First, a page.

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June 17, 2021 12:00 PM, EDT

Washington’s Infrastructure Improves to a C, ASCE Report Card Shows

View inside a Metro station View from inside a Metro station. Transit is one of the eight categories included in the report card. (American Society of Civil Engineers' National Capital Section report)

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The nation’s capital received a C on an infrastructure report card issued by the American Society of Civil Engineers on June 15.

ASCE’s National Capital Section report for Washington, D.C., evaluated bridges, drinking water, energy, levees, rail, roads, transit and wastewater.

Rail received a B for the highest grade. Levees and transit tied for lowest grade, each earning a D.

ASCE logo

“The capital’s infrastructure systems are getting closer to where we want them to be” said Ranjit Sahai, ASCE’s Washington report card committee chair. “We have seen encouraging trends since the 2016 report was issued when the grade was a C-, but D.C. must continue to explore all solutions to improve the grades if we are to accommodate a growing population and economy in the future.”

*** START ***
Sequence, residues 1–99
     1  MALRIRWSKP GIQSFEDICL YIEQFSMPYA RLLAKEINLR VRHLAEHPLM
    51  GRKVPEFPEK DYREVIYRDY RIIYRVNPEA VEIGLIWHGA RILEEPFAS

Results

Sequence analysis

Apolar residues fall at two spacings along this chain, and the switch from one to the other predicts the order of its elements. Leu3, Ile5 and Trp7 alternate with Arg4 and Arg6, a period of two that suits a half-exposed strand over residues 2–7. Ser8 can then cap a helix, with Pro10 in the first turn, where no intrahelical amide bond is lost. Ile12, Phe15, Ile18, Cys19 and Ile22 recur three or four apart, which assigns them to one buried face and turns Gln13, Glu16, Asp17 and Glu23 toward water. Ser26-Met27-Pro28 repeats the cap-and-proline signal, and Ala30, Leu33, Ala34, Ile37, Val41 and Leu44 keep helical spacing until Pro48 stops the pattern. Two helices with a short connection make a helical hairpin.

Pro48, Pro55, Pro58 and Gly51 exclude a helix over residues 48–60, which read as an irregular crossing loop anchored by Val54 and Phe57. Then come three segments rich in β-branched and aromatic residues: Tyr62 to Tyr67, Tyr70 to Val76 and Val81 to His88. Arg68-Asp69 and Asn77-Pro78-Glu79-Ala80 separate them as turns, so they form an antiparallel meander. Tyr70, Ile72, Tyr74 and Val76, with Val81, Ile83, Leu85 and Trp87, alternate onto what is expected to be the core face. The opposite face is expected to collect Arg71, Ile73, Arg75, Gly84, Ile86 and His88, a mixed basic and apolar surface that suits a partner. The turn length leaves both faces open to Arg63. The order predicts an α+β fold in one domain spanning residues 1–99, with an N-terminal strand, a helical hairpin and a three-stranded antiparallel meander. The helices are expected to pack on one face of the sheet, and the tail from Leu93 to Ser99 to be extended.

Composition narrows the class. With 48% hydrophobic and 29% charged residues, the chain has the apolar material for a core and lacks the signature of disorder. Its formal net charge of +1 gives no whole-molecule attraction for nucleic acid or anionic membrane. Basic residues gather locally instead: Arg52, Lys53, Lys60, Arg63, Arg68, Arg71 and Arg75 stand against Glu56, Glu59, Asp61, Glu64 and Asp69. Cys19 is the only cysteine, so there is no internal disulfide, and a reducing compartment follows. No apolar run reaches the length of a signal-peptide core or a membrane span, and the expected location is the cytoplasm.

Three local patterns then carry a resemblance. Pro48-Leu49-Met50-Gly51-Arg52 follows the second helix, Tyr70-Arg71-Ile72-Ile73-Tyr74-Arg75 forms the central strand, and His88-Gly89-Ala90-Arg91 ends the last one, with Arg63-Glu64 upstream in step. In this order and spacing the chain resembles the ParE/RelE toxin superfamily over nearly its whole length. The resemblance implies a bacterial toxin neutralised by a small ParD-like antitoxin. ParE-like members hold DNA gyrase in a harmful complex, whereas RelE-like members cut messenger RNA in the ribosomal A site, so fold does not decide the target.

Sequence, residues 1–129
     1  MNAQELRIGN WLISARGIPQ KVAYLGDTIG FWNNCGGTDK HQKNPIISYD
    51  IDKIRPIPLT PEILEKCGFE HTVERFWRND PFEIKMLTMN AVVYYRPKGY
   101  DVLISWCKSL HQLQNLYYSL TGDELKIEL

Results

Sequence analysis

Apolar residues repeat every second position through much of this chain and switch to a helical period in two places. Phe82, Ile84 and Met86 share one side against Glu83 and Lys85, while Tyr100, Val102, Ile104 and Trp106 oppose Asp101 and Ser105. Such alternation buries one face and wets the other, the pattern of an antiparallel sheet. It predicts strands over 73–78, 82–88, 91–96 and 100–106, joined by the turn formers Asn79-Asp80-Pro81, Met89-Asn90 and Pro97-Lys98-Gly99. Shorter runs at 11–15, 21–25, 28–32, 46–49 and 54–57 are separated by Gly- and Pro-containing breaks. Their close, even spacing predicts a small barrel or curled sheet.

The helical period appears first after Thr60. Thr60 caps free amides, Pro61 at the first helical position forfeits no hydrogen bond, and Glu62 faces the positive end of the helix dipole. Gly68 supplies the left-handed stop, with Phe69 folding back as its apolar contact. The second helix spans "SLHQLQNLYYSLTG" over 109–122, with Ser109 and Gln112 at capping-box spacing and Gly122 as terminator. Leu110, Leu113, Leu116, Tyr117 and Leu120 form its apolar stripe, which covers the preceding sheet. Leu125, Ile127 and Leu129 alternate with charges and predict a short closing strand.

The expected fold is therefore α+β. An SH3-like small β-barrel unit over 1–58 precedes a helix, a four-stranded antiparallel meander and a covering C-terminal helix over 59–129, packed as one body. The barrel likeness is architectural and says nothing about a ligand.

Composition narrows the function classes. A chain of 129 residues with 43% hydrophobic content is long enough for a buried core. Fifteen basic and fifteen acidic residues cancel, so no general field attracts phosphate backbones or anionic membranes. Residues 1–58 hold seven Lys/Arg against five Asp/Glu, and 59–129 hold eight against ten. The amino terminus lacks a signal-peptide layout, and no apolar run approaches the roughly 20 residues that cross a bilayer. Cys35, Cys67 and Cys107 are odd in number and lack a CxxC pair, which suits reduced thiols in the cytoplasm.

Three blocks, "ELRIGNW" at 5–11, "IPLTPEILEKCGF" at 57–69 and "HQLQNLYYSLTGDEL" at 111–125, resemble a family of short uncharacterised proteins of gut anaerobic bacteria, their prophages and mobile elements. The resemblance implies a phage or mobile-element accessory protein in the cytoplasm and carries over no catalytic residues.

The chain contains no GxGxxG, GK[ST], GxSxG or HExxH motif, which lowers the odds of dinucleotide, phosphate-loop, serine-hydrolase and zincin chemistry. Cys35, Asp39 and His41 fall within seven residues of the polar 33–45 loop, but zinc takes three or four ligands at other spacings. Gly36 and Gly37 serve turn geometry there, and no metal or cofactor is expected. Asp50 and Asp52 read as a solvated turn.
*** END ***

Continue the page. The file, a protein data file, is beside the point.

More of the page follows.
According to ASCE, estimates indicate the population will grow from 672,200 in 2015 to 987,200 in 2045. The growth will put a strain on all sectors of infrastructure, especially the surface transportation network.

Bridges received a B- on the report card. According to the American Road and Transportation Builders Association, some 3.3% of Washington’s bridges are classified as structurally deficient.

ASCE DC Report Card 2016 Report 1 by Transport Topics on Scribd

Roads earned a D+. Washington’s network of roads covers 1,150 miles, and many commuters spend time sitting in traffic. According to ASCE, Washington commuters incur an annual cost of $2,015 for time spent sitting in traffic.

The report card includes calls to action to keep the momentum going on Washington’s infrastructure progress. ASCE recommended educating the public on the true cost of infrastructure, noting the public’s willingness to finance new infrastructure through fees is critical.

Additionally, the report card calls for infrastructure investments based on long-term planning and prioritization. The evaluation was issued as negotiations continue on a federal infrastructure package in the nation’s capital.

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